Income tax expense differs from the amounts computed by applying the federal income tax rate of 35% to income before income tax expense as a result of the following:
Year Ended December 31, --------------------------------------------------------------------------------------------(In thousands) 2000 1999 1998 --------------------------------------------------------------------------------------------Computed income tax expense .......................... $105,993 $ 95,582 $ 92,837 Increase in income tax expense resulting from: Amortization of goodwill .......................... 2,544 2,724 3,741 State income tax, net of federal income tax benefit 5,840 8,076 12,325 Other, net ........................................ 2,216 670 167 ----------------------------------$116,593 $107,052 $109,070 =============================================================================================

The tax benefit recorded in additional paid-in capital for compensation expense for tax purposes in excess of

amounts recognized for financial reporting purposes totaled $1.5 million, $4.1 million and $2.4 million for the years ended December 31, 2000, 1999 and, 1998, respectively. 53

The significant components of the Company's deferred tax assets and deferred tax liabilities are as follows:
At December 31, -----------------------------------------------------------------------(In thousands) 2000 1999 -----------------------------------------------------------------------Deferred tax assets: Securities available for sale ............. $ 5,755 $27,967 Allowance for loan and lease losses ....... 20,471 15,437 Pension and other compensation plans ...... 15,710 12,032 ------------------Total deferred tax assets .............. 41,936 55,436 ------------------Deferred tax liabilities: Lease financing ........................... 50,653 27,292 Loan fees and discounts ................... 12,570 9,738 Other, net ................................ 7,124 3,216 ------------------Total deferred tax liabilities ......... 70,347 40,246 ------------------Net deferred tax assets (liabilities) $(28,411) $15,190 ========================================================================

12 > STOCKHOLDERS' EQUITY RESTRICTED RETAINED EARNINGS - In general, TCF's subsidiary banks may not declare or pay a dividend to TCF in excess of 100% of their net profits for that year combined with their retained net profits for the preceding two calendar years without prior approval of the Office of the Comptroller of the Currency ("OCC"). Additional limitations on dividends declared or paid on, or repurchases of, TCF's subsidiary banks' capital stock are tied to the national banks' regulatory capital levels. Undistributed earnings and profits at December 31, 2000 includes approximately $134.4 million for which no provision for federal income tax has been made. This amount represents earnings appropriated to bad debt reserves and deducted for federal income tax purposes and is generally not available for payment of cash dividends or other distributions to shareholders. Payments or distributions of these appropriated earnings could invoke a tax liability for TCF based on the amount of earnings removed and current tax rates. SHAREHOLDER RIGHTS PLAN - TCF's preferred share purchase rights will become exercisable only if a person or group acquires or announces an offer to acquire 15% or more of TCF's common stock. When exercisable, each right will entitle the holder to buy one one-hundredth of a share of a new series of junior participating preferred stock at a price of $100. In addition, upon the occurrence of certain events, holders of the rights will be entitled to purchase either TCF's common stock or shares in an "acquiring entity" at half of the market value. TCF's Board of Directors (the "Board") is generally entitled to redeem the rights at 1 cent per right at any time before they become exercisable. The rights will expire on June 9, 2009, if not previously redeemed or exercised. TREASURY STOCK AND OTHER - Treasury stock and other consists of the following:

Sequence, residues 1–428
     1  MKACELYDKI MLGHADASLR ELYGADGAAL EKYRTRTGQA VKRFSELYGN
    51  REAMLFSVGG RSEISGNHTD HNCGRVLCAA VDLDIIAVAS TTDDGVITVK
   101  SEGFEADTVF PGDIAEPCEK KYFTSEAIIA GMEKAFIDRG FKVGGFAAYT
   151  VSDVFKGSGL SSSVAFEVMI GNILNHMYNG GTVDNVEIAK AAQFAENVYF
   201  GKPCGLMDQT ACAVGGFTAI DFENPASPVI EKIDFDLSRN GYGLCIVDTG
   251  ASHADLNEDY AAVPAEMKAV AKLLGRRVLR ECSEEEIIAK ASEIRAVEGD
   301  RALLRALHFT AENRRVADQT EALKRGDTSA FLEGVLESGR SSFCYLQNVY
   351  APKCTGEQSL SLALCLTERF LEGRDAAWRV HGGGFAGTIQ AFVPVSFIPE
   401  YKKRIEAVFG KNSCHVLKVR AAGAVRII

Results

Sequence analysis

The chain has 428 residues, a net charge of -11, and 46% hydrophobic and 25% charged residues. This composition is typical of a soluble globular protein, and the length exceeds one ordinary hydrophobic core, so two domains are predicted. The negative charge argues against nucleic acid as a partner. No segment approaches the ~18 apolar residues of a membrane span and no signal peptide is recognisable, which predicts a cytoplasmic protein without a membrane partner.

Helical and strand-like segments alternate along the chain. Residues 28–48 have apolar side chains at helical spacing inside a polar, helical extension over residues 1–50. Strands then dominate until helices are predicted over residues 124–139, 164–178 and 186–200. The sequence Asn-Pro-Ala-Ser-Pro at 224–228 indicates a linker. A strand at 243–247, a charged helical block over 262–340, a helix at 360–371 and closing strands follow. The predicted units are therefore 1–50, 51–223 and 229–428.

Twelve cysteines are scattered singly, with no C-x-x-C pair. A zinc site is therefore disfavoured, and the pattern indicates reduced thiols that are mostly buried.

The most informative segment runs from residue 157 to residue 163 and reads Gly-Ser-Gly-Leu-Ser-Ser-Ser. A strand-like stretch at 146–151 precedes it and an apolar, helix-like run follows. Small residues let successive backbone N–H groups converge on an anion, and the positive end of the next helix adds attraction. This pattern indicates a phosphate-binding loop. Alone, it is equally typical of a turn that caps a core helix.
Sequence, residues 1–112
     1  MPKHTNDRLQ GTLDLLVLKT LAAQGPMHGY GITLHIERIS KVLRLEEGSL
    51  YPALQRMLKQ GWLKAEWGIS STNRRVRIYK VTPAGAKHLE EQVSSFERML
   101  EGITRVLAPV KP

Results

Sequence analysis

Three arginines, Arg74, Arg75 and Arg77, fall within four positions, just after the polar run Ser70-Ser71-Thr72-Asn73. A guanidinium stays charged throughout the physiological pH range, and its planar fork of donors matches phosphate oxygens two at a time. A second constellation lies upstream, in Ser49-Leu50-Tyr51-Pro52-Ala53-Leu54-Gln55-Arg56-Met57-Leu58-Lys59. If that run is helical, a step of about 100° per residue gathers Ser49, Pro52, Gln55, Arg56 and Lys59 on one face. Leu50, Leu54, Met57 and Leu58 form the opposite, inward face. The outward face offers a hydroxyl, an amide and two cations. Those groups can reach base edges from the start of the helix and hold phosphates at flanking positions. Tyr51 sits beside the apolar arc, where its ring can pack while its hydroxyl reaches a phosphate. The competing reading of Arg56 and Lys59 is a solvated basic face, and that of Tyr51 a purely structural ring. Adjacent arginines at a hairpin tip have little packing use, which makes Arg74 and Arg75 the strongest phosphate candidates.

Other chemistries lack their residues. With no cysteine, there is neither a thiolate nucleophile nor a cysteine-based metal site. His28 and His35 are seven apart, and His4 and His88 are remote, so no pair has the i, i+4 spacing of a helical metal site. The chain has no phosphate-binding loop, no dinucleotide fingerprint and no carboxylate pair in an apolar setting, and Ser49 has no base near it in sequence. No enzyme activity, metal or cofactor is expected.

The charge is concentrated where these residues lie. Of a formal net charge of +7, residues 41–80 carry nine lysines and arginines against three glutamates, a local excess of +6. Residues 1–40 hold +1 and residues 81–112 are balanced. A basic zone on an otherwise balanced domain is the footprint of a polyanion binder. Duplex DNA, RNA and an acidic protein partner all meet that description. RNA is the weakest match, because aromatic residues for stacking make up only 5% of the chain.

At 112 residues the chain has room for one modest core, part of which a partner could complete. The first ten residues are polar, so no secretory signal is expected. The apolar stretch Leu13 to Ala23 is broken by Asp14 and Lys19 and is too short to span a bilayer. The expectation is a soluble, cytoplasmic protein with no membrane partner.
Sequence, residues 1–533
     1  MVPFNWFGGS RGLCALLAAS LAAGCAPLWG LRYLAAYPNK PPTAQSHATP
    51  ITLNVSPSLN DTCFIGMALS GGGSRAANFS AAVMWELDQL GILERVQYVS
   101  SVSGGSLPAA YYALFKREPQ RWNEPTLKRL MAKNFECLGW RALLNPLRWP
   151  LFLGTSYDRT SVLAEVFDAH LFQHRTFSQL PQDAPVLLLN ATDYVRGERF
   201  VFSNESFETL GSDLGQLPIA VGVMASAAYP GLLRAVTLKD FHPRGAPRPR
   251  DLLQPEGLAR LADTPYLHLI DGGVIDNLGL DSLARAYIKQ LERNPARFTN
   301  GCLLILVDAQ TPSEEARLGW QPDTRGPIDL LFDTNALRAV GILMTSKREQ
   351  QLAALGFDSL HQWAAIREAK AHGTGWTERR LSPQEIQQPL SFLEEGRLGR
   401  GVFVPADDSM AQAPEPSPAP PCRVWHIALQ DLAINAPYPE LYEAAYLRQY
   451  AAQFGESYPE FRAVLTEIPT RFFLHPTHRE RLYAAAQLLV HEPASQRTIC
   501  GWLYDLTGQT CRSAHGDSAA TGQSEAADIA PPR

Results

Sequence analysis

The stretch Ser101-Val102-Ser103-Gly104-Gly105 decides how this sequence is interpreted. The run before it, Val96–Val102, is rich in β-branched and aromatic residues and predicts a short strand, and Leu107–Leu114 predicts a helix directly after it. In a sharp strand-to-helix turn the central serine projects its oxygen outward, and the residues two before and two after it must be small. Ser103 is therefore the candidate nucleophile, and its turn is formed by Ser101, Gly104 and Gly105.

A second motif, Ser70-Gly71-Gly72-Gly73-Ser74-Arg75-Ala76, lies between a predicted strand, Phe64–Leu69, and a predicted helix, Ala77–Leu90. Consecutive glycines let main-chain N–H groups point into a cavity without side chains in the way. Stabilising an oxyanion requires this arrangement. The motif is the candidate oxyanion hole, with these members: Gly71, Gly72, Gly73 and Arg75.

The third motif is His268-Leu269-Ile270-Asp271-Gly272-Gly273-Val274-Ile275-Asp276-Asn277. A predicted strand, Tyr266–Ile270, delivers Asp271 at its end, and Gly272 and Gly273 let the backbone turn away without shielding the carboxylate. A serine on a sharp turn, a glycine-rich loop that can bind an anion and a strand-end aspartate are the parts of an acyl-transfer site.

At December 31, ------------------------------------------------------------------------------------------(IN THOUSANDS) 2000 1999 Treasury stock, at cost ..................................... Shares held in trust for deferred compensation plans, at cost Unamortized deferred compensation ........................... Loan to Executive Deferred Compensation Plan ................ $(325,026) $(295,148) (61,908) (46,066) (33,056) (14,887) (5,137) (4,721) -------------------------$(425,127) $(360,822)

The significant components of the Company's deferred tax assets and deferred tax liabilities are as follows:
At December 31, -----------------------------------------------------------------------(In thousands) 2000 1999 -----------------------------------------------------------------------Deferred tax assets: Securities available for sale ............. $ 5,755 $27,967 Allowance for loan and lease losses ....... 20,471 15,437 Pension and other compensation plans ...... 15,710 12,032 ------------------Total deferred tax assets .............. 41,936 55,436 ------------------Deferred tax liabilities: Lease financing ........................... 50,653 27,292 Loan fees and discounts ................... 12,570 9,738 Other, net ................................ 7,124 3,216 ------------------Total deferred tax liabilities ......... 70,347 40,246 ------------------Net deferred tax assets (liabilities) $(28,411) $15,190 ========================================================================